Welcome to the inaugural edition of The Varsity, my twice-weekly private email on the inner workings of the business of sports. Today, I’m coming to you from the spiritual heartland of Las Vegas, where I am currently performing all of our industry’s pre-Super Bowl rituals. I’ve spent the week shuttling back and forth from the media inner sanctum, the Luxor Hotel (gussied up this week to look like a giant nacho cheese Dorito), all the way to the other end of the Strip, where so many of you are staying.
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Welcome to the inaugural edition of The Varsity, my twice-weekly private email on the inner workings of the business of sports. I’m John Ourand.
Today, I’m coming to you from the spiritual heartland of Las Vegas, where I am currently performing all of our industry’s pre-Super Bowl rituals. I’ve spent the week shuttling back and forth from the media inner sanctum, the Luxor Hotel (gussied up this week to look like a giant nacho cheese Dorito), all the way to the other end of the Strip, where so many of you are staying. If you’re around and you want to get together before the game, just respond to this email. It goes right to my inbox.
🚨🚨 I’ll be hitting the Endeavor/TKO Lounge on Saturday afternoon to see my new Puck partner Matt Belloni host a live episode of his excellent podcast The Town with Bloomberg’s Lucas Shaw. I was excited to make my own debut on The Town as an official Puck employee yesterday, when Matt and I spoke about the new all-in-one-ish super sports streaming app, which I’m writing about in fulsome detail below. I also talked about the consortium on another Puck podcast, The Powers That Be. Subscribe to both here and here.
A quick programming note: For the next month or so, this newsletter will be free. After that, you’ll need to subscribe to Puck in order to read my work. In fact, you can subscribe here to make life easier for yourself. As you likely already know, a subscription also provides access to the reportage of my excellent partners, including Matt, Dylan Byers, Lauren Sherman, and Julia Alexander, among others.
Mentioned in this issue: Roger Goodell, Taylor Swift, Adam Silver, more Orioles drama, Chris Winfrey, the Jaguars, Peter King, David Rubenstein, Mike Bloomberg, Barry Levinson, Phil Hochberg, Pam Shriver, the Tom Clancy estate, Joe Ravitch, Lachlan Murdoch, Ted Leonsis, and more…
Okay, let’s get started…
Stat of the Week: 120.2 million
That’s my best guesstimate for the viewership of this Sunday’s big game. Yes, I’m predicting a record-high TV audience for CBS. It’s the result of a couple factors: The Chiefs are slowly becoming America’s team, due to their almost ubiquitous annual Super Bowl appearances and Patrick Mahomes and Travis Kelce’s totally ubiquitous TV commercial appearances. It doesn’t hurt that the 49ers will bring in a West Coast audience—and, yes, there’s Taylor Swift. I expect she’ll make the game.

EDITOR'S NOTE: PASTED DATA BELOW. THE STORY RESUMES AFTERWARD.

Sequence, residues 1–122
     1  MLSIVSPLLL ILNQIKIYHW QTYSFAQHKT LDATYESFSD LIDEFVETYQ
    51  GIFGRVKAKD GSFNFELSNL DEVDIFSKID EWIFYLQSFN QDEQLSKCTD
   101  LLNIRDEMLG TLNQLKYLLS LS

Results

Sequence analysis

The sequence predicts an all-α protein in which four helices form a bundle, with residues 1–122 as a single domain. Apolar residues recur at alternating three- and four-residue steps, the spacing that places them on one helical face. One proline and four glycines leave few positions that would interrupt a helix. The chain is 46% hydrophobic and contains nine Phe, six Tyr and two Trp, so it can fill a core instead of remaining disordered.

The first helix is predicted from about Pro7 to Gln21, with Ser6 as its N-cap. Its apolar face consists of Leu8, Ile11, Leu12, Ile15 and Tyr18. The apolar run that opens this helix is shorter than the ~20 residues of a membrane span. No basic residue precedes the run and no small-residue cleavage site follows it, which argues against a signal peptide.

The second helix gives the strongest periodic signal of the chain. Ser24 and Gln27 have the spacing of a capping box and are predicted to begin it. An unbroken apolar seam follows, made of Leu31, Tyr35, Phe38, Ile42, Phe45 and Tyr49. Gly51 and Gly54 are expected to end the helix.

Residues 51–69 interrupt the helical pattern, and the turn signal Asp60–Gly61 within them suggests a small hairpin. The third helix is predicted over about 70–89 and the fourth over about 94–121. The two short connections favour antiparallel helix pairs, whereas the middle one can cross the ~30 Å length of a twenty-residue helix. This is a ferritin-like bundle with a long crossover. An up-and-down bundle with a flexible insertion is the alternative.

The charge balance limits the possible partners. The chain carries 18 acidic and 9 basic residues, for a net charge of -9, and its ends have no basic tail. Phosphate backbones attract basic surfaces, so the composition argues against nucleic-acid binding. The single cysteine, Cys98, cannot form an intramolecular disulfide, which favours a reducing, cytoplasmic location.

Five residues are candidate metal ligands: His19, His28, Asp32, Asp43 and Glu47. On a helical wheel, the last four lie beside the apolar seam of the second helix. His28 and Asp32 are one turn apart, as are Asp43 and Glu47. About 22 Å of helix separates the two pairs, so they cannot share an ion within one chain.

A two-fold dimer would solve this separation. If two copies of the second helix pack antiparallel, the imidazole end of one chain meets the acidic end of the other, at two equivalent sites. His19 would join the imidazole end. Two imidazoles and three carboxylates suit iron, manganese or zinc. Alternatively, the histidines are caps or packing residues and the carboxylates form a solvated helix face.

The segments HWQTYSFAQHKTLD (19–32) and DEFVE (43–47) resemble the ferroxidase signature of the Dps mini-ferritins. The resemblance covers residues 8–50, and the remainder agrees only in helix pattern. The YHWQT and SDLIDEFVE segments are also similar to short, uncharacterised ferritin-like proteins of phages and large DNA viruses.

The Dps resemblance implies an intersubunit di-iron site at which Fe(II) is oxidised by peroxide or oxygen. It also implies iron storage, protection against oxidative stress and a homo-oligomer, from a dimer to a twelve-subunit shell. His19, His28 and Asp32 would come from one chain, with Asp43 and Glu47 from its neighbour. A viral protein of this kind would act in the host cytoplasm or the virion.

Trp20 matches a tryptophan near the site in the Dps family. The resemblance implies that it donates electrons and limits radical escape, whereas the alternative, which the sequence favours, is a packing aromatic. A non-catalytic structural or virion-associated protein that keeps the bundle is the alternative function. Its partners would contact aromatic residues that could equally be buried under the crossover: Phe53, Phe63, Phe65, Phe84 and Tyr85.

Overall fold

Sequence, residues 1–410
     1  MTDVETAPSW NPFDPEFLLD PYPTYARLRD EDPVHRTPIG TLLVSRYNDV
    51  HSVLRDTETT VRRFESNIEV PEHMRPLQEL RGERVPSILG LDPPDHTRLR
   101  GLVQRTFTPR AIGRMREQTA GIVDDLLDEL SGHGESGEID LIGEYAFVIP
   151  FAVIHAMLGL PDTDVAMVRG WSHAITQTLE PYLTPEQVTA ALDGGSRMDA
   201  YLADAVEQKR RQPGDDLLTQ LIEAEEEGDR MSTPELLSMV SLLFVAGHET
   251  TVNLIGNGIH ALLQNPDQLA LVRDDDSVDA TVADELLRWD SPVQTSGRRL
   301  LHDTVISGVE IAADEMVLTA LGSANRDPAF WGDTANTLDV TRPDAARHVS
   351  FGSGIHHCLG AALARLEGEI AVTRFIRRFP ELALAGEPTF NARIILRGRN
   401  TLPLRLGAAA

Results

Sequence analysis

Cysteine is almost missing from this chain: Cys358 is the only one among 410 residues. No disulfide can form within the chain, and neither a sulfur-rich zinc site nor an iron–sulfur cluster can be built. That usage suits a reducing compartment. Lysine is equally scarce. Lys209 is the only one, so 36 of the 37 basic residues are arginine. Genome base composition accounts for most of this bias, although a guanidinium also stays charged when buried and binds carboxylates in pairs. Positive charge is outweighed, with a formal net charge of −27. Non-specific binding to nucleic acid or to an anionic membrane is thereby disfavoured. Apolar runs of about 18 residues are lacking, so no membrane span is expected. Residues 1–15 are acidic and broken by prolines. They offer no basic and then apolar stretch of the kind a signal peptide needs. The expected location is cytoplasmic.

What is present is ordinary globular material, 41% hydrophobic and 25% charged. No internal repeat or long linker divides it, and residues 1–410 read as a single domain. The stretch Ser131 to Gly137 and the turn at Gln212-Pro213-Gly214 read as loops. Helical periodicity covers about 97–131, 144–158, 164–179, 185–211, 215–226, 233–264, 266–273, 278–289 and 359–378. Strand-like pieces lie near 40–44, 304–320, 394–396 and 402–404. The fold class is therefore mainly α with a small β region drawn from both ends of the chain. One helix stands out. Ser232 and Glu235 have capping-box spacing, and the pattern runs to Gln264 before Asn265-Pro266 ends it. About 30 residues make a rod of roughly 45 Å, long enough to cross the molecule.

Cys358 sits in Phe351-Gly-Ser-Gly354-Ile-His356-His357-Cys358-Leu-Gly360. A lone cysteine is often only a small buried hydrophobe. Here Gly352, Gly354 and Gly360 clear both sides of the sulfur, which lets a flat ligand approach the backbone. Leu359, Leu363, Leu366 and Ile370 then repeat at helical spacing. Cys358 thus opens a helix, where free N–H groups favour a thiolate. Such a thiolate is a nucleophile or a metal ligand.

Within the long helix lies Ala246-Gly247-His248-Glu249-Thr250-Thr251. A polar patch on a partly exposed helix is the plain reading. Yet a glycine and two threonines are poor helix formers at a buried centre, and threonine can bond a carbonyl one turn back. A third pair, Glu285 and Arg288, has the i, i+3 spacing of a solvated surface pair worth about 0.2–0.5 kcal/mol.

Viewership for the NFC and AFC Championship games were up 11 percent this year. I don’t expect that the Super Bowl will see that big of a jump. But I think it will eclipse 120 million viewers for the first time. Anyway, I’m going with 120.2 million viewers.
The Varsity Player of the Week: Roger Goodell
I hate giving the inaugural Varsity nod to Goodell, especially after his head-scratching decision to make his annual Super Bowl week press conference an “invite-only” event and move it to Monday. As Peter Kingwrote, “Either he’s got thinner skin than he likes people to think he has, or he’s afraid of answering tough questions about how far the league’s gotten into bed with sports betting interest after saying for years legalized sports gambling would be a pox on the NFL.”
The irony, of course, is that Goodell is in his strongest position in more than a decade, which is why he secured this honor. Most NFL narratives precipitating this week are relentlessly positive, at least from a business perspective. In the first year of its new TV deal with Amazon, CBS, ESPN, Fox, and NBC, viewership is through the roof—the league posted its best TV numbers in nearly a decade. Playoff ratings are the highest we’ve seen in four decades. League sponsorships—like Pepsi and Anheuser-Busch—are solidified for the foreseeable future. And the NFL is expected to bring in more revenue from this year’s Super Bowl even though Allegiant Stadium is one of the smallest stadiums to host the big game. Congrats, Roger.
Relegated to the J.V.: Chris Winfrey
The Charter C.E.O. ended last week with the biggest one-day drop in the history of the company’s stock following a fourth quarter decline in its broadband subscribers. He also began this week by countenancing the news that three of his biggest sports programmers—ESPN, Fox, and Warner Bros. Discovery—will launch a sports streaming service outside the pay TV bundle. I chose Winfrey for J.V., but anyone who runs a multichannel TV system would have spent Tuesday evening with their head in the toilet. The ESPN/Fox/WBD deal is the sole reason why FuboTV’s stock tanked after the announcement.
I’ll get to ESPN/Fox/WBD’s sports streaming plans down below. But the challenges around pay TV are escalating—and fast. Live events have long been the Scotch tape holding the pay TV business together: news, live shows and, of course, sports. This streaming deal will make top sports—the NFL, NBA, and MLB, among many other leagues—available outside the bundle. It’s Defcon 1 time for distributors, like Charter.
Okay, now on to my biggest observations about our industry this week…
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The Starting Five: Thursday Thoughts